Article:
With today's phones, 4G is the fastest. But, all things considered, is the fastest speed automatically the best option? I've wondered about that for awhile. More recently, I noticed a writer in Europe -- which is, of course, another world as far as cell phone service and providers goes -- expressing a similar sentiment:
"4G can do more with the radio spectrum than 3G, but this cleverness comes at the a cost: it requires much more processing power to cope with the surge in data and the electronics will draw more current. This is straightforward physics and - even if mobile networks had no legacy baggage -- a 4G network would deplete your battery faster than 3G. The technology in the handset will improve and become more efficient, but that's no use to us here and now.
"The question you then have to ask is -- do you really really need that extra speed? When HSDPA+ has proved more than adequate? Personally, I'm struggling to think of applications where I'm prepared to trade off weight and power drain against that speed. If you're only ever sat beneath a 4G network mast, and with a briefcase full of power chargers, the question may be a moot."
In a follow-on post, he added:
"The first is that 3G has far more life in it than we thought. Aware that they'll be getting a marketing pounding from EE, which has an exclusive on LTE in the UK for some months, rival 3G operators have quietly been upgrading to the latest and much faster version of 3G. The latest flavour of 3G, dual-channel HSPA+, delivers quite amazing speeds on Three's network.
"My personal choice is for near-4G data speed when I need it and a phone that lasts all day, as opposed to 4G speed and a phone that craps out towards the end of a long lunch while rinsing me of all my cash."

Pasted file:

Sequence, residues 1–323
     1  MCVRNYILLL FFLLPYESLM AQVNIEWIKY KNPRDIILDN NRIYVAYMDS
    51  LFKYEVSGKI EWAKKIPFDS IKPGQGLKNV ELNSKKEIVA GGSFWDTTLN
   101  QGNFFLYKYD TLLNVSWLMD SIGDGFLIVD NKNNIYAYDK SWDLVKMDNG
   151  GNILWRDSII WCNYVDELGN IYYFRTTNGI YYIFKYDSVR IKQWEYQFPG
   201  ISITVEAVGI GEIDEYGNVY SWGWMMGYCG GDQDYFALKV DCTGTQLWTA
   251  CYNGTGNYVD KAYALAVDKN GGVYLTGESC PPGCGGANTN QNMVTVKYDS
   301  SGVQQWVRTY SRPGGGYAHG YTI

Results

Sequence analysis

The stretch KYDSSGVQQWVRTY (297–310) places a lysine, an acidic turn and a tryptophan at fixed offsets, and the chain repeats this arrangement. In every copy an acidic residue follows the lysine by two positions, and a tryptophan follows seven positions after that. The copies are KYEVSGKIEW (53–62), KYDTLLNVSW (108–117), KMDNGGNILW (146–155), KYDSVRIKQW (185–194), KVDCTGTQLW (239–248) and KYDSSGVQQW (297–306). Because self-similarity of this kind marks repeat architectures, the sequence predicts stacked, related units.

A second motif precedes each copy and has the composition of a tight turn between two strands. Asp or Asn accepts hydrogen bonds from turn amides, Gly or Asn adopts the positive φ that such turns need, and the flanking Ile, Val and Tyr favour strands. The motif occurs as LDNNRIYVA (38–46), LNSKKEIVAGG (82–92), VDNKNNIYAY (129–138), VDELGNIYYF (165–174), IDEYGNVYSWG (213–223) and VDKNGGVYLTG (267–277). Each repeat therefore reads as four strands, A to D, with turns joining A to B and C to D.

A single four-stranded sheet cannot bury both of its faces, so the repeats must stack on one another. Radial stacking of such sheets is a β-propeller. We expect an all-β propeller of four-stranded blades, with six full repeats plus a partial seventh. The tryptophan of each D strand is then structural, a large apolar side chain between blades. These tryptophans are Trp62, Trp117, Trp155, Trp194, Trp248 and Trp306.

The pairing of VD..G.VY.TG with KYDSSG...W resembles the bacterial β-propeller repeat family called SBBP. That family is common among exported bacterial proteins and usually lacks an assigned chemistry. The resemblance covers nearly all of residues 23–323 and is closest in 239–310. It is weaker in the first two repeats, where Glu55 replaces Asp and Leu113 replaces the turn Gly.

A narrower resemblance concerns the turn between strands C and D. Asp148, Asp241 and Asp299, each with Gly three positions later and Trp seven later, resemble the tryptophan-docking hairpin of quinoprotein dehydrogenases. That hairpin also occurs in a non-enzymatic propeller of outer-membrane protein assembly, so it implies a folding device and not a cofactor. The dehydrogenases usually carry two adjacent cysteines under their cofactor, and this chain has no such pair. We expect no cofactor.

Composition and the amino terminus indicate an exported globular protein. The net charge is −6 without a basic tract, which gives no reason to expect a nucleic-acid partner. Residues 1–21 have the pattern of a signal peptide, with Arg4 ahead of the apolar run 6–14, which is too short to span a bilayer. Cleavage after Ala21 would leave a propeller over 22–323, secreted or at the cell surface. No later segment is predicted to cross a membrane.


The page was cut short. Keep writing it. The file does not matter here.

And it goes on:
Though I don't disagree with the author's point, I've found I need the speed. With all the travel I do, I need a fast, reliable network connection. Here in the U.S., I never saw decent 3G speeds on any handset that I tried, so 4G LTE is the only choice for me. For me 4G is like having a cable modem in my pocket. Hotel Wi-Fi is frequently heavily saturated and barely usable, especially at night when everyone's back in their rooms, trying to access the hotel’s network. Client sites can be hit or miss as far as external network access. There's also the issue of restrictions on Internet use. More than once I couldn't access Google Search due to a client's internal filters. If you've read this blog for awhile, you know that I often turn to Google when I encounter a technical issue I haven't seen previously.
Thankfully, I can use my phone as a mobile hotspot. This provides me with fast, reliable network access when I'm at the hotel, the airport or a customer site. Of course, the author is correct about 4G and battery life. Even with a 3200 mAh extended battery, your phone will drain in a hurry if you run it as a hotspot for any length of time. I don't know of any mobile worker who walks around with a charger plugged in all day, and swapping batteries and using external battery packs aren't elegant solutions either.
The point is, for average daily usage -- a few calls, texts, emails and file transfers -- 4G is great, but perhaps speed isn't the primary consideration for most users. Certainly I rely on 4G, but cost and access are still important to me, even if I have to make them less of a priority. I have an unlimited data plan -- or so my provider tells me. I find though that after some arbitrary amount of data has been used each month, my speeds get throttled.
Like every user, I'd love unlimited everything: minutes, texts and data, along with the fatest speed available and acceptable battery life at a reasonable price. 4G's cleverness may come at a cost, but at this point, I feel I have no choice but to pay that fare.
So where does 4G rate with you? Are there other ways to get onto the network I should consider?